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The Right Rev. Robert G. Tharp The Right Rev. Robert G. Tharp

The late Right Rev. Robert Gould Tharp was second bishop of the Episcopal Diocese of East Tennessee.

Member of:

The Episcopal Church

Representative of:

Episcopal Church, USA


Sermon for the 2nd Sunday in Ordinary Time

John 2:1-11

January 14, 2001

Recently I revisited an old movie, Babette's Feast. It is an intriguing story placed in a desolate and tiny village on the Jutland Peninsula in Denmark. The drama revolves around two sisters, the daughters of the local Lutheran pastor, who carry on after his death the pastoral care of the elderly and call together the community weekly in prayer and Bible study.

Into their lives comes Babette, who had to leave her home in Paris for political reasons. She comes to live with them as their cook. Now being such did not demand much, since they ate the same meal every day-boiled dried fish and ale bread. For a Parisian woman, this was not haute cuisine. She would spice it up in small ways and seek to make the food more palatable.

Another facet of the story comes in our learning that in the day-to-day routine of life personal relationships can become strained. One of the sisters has already been sought after by two men and rejected by her father and sent packing. Two old friends tell each other what they really think about one another. A husband and wife become engaged in angry conversation. This all happens at the table gatherings for prayer and Bible study. Babette from the kitchen hears this.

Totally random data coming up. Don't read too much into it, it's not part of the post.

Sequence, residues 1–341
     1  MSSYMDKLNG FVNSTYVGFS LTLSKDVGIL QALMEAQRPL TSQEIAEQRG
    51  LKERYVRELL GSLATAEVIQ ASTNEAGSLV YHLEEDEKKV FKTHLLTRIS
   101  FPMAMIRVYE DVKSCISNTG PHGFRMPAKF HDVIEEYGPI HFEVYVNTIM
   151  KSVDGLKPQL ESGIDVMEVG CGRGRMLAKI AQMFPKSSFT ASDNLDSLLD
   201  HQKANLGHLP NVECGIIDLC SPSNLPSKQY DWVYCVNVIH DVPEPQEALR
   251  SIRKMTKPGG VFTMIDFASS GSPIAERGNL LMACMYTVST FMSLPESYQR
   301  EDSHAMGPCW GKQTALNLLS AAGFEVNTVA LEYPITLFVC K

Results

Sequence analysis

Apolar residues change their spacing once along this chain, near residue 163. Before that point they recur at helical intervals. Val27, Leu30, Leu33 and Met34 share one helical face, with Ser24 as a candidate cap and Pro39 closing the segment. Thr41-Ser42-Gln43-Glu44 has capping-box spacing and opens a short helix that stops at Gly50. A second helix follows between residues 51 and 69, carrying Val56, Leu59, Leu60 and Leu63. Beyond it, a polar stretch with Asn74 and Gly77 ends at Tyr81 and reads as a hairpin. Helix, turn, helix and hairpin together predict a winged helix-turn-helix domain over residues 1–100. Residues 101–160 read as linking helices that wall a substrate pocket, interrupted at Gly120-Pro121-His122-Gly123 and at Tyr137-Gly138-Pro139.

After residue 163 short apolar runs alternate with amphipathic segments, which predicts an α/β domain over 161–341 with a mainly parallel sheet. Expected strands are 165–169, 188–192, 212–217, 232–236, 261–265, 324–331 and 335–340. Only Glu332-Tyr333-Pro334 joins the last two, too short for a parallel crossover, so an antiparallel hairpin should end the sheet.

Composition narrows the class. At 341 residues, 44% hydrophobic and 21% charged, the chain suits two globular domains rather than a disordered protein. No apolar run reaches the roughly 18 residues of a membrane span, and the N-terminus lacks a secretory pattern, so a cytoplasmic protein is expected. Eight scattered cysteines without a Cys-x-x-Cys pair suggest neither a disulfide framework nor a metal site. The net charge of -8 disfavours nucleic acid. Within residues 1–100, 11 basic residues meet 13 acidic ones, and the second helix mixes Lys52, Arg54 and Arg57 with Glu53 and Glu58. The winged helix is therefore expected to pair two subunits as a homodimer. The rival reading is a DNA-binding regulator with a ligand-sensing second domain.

She becomes the winner of the lottery and receives 10,000 francs. The sisters feel sure she will now be leaving them. Her response is quite different. She tells them she will be offering a banquet-a feast. The food comes from abroad. The delivery is quite uncommon for the community. The table is laid with linen, china, crystal, and silver. It is a veritable and incredible meal, the likes of which most of the diners have never had before. Only a visiting general who has lived abroad is cognizant of just what is being offered them. The wines, the soup, the quail, the roasted suckling pig, the cheeses and fruits, the dessert give to each person a new lease on life. The argument between the two men is resolved. The married couple are reunited in their love for one another. Babette's feast offers them something they have never had before. Food which satisfied and at the same time offers faith that life can have more substance to it than they have known before.

The outcome is that Babette's 10,000 francs were literally eaten up and she continued to live with the sisters, but life is changed for all of them.

Once upon a time Jesus comes to another feast, a wedding in Cana of Galilee. But this is no fairy tale or movie. It was at the beginning of Jesus' ministry. He was invited with his disciples to the festivity. His mother was there, looking after things, it seems, since she directs the servants and learns that there is no more wine. Mary comes to her son with a concern; the wine has run out.

It may seem to some a harsh response for Jesus to turn to his mother and say, "Woman, what concern is that to you and to me? My hour has not yet come." "Let me alone," he seems to be saying. There are more important things that he should be doing. It is the eye and the mind of a mother to see beyond the present time, as she turns to the servants and tells them, "Do whatever he tells you." I guess she told her son who was in charge.